I look forward to serving shoulder-to-shoulder with others because serving together builds greater understanding and love between people.
Peter R. Jarosewycz is a retired attorney. His ancestral religion is Ukrainian Catholic, often referred to as “Byzantine Catholic” or “Greek Catholic.” Several of his ancestors were priests. Today he is active in the Unity movement and in the Ukrainian-American Community.
Originally from New York, Bill has served in the Midwest for all but four of thirty-five years of ministry in Roman Catholic, Presbyterian and Disciples of Christ traditions. He serves as Regional Minister and President for the Christian Church (Disciples of Christ) in Greater Kansas City where he works with pastors and lay leaders of eighty four congregations.
Rev. Rose-Heim, a graduate of Rockhurst University and St. Paul School of Theology is married to Donna Rose-Heim (also an ordained minister) and is the father of five children. Bill is a veteran of the U.S. Air Force and has also served for 15 years in emergency services as a certified firefighter, chaplain and instructor. He was co-chair of the Missouri Governor’s Faith Based Organization Disaster Initiative Committee and President of the Missouri Interfaith Disaster Response Organization (MIDRO) and continues to serve on the Executive Committee of MIDRO.
He was elected to the Cameron City Council in 2013 and served on the Economic Development and Public Safety Committees until he was called to his current position in November, 2015. He is active in the Kansas chapter of the Metropolitan Organization for Racial and Economic Equity and is a volunteer with Kansas City for Refugees.
Interfaith collaboration has always been a high priority for Bill who believes that the challenges and opportunities before the global community require recognition that every person has an essential contribution to make to the common good and the health of the world. The diversity and mutual respect offered by the members of the Greater Kansas City Interfaith Council provides a great context for planning and coordinating activities that promote greater understanding and inclusion.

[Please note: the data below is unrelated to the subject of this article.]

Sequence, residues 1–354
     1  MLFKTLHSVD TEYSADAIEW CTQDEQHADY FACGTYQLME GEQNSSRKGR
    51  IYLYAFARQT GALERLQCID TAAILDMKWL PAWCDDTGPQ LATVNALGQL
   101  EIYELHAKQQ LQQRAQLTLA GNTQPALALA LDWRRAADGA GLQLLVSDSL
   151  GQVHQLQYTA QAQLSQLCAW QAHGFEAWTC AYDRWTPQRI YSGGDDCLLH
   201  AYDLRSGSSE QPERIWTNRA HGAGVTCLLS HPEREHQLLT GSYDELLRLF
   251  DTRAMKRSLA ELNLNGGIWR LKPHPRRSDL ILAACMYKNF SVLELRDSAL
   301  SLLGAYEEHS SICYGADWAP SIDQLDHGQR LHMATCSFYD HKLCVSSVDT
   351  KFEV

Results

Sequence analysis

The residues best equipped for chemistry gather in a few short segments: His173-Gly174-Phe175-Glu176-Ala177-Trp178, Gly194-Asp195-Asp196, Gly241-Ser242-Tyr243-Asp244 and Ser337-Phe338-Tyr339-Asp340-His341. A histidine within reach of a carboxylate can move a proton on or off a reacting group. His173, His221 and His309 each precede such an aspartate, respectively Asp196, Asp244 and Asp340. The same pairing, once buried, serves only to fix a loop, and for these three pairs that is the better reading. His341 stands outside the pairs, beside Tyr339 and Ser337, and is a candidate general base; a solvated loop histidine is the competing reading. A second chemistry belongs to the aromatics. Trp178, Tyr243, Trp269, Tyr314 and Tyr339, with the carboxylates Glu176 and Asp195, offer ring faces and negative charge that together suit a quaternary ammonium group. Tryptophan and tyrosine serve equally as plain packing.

Sheila Sonnenschein was born and raised in Kansas City. She earned her Bachelor of Science in Education from the University of Kansas before moving to the Washington, DC area with her husband, Ken. There she started the Northern VA chapter of the Parent Education Network and helped organize educational programs for Friends of the National Zoo. After moving to St. Louis, Sonnenschein and her husband started the Mitzvah Garden where volunteers planted, weeded and harvested produce for those in need. Sonnenschein was a parent educator with Our Jewish Home, making visits to Jewish families, teaching and facilitating Jewish practices in the home.
Now living in Overland Park, Kansas with her husband and four children, Sonnenschein is a community advocate and freelance writer. She started the Table to Table program for Yachad, the Kosher food pantry. Donors use centerpieces for celebrations. The donation helps buy food for the pantry, which supports people in need, regardless of their faith.
Most recently, Sonnenschein has been involved in bridging different faith communities. She helped form the Kansas City Women’s Interfaith Circle; co-chaired the Table of Faiths Luncheon in 2006 and 2007; has been a member of the Festival of Faiths committee since 2007; chaired Peace by Piece featuring Noa Baum in September 2005; and was a committee member of Salaam/Shalom, a gathering of over 500 people in 2005 and 2006. Through the International Visitors Council, Sonnenschein and her husband have hosted delegates from around the world.
In addition to being an at-large member on the Greater Kansas City Interfaith Council, Sonnenschein is the first non-Muslim board member of the Crescent Peace Society, a former board member of the National Council of Jewish Women and a former board member of the Kansas City Press Club. Her articles have been published in The Catholic Reporter, Outlook Magazine, The New Light, Being Jewish, Suburban Journal of St. Louis, The Kansas City Star, and, the Kansas City Jewish Chronicle.
Sonnenschein received the Peace Award from the Crescent Peace Society in 2005, the YWCA’s Heart of Gold Award for Racial Justice in 2006, and an award from Al-Inshirah Mosque in 2007. She enjoys gardening, cycling, and making Challah, the Jewish Sabbath bread, each week. She and her family are members of Congregation Beth Shalom.